This year, I was lucky enough to have been hired as an Resident Graduate Student (RGS) in Wilson College, one of Princeton’s six residential colleges. The residential college system is one of the defining characteristics of a Princeton undergraduate education, as nearly all undergraduate students live on campus for the entirety of their four years. Wilson was actually the first of Princeton’s residential colleges. Originally organized by students, it was conceived as an alternative to the Eating Clubs. For the founding members of Wilson College, this new type of residential community was less exclusive and cheaper, for those students who were neither able nor willing to shell out tons of cash in order to belong to a mini country club just off campus.
The reason I mention this is because Princeton’s residential college system has recently been in the news in a negative light, and specifically Wilson College. A group of students known as the Black Justice League has called Wilson’s legacy into question, protesting his ubiquitous nature on this campus in the light of his racist legacy. In line with similar student protests this year at Yale University, the Black Justice League has criticized the Princeton administration for what they see as a lack of commitment to diversity. They singled out Woodrow Wilson in particular, former president of the university and the United States, for whom Wilson College and the Woodrow Wilson School of Public and International Affairs is named, as an example of an alumnus who continues to be honored publicly by the university despite his racist legacy.
Princeton has just announced that, contrary to the wishes of the Black Justice League, Wilson’s name will remain where it is, but that the university will try to be more forthcoming about the former president’s legacy and shortcomings. While this may seem like a disappointment to many who fought for a more inclusive campus, I write this post as a proud member of the Wilson College community.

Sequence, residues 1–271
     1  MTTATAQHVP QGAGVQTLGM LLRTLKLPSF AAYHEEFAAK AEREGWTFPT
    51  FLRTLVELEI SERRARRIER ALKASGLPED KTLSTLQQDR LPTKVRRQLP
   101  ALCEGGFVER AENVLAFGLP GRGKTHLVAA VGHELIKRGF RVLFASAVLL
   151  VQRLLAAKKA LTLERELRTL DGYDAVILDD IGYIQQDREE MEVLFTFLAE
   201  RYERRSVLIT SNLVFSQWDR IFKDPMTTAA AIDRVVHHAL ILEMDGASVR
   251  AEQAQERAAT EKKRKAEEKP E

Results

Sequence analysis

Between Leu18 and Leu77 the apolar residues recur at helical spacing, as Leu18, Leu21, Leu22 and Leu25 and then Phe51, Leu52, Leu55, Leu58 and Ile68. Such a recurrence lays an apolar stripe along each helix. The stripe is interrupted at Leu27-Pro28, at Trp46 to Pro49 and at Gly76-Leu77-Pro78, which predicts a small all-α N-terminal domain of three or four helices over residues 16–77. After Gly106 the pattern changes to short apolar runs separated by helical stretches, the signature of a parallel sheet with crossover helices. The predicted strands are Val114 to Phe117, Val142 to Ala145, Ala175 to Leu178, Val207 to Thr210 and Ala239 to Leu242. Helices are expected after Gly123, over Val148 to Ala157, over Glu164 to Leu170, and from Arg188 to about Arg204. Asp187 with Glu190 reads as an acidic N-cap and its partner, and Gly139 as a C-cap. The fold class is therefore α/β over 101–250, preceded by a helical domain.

As a non-historian from a public school background, I knew nothing about Wilson’s legacy beyond his creation of the League of Nations. Thanks to the Black Justice League, I now understand that Wilson’s domestic policy blocked progress towards desegregation in the federal government, setting back social rights a great deal. I have learned that even by the standards of the time, Wilson’s views were reactionary. And through discussions with students, I am better able to perceive how it must feel as a minority student in a university that continues to consider such an individual highly.
As a woman at Princeton, a university that only first began to admit women appallingly late in the 1960s, I am now more aware of similar iconography around campus that also says through omission that the university was not created with students like me in mind. For instance, every Sunday morning I do my laundry in a building that proclaims in big letters is for the use of “Princeton men.” How must it feel to be a minority student in Wilson College and eat every meal under a gigantic mural of this former president who most definitely did not want you to receive an education in this university?
I applaud the Black Justice League for speaking out and continuing to take control of their campus community. Because, as the founders of Wilson College demonstrated, the residential colleges are indeed our community. Designed by students, it is up to the students at this university to create the social and intellectual community in which they live. And while the students and the administration did not see eye to eye in this particular conversation, they debated their conflicting points of view maturely and intelligently, and their actions did result in real change (for instance the removal of the Wilson mural in the dining hall). This is one reason why I am proud to belong to the undergraduate college community even as a graduate student — the civic engagement here demonstrates a fundamental part of a university education. Regardless of this specific outcome, students must see that through research and open debate, they can effect real change in their university communities and beyond.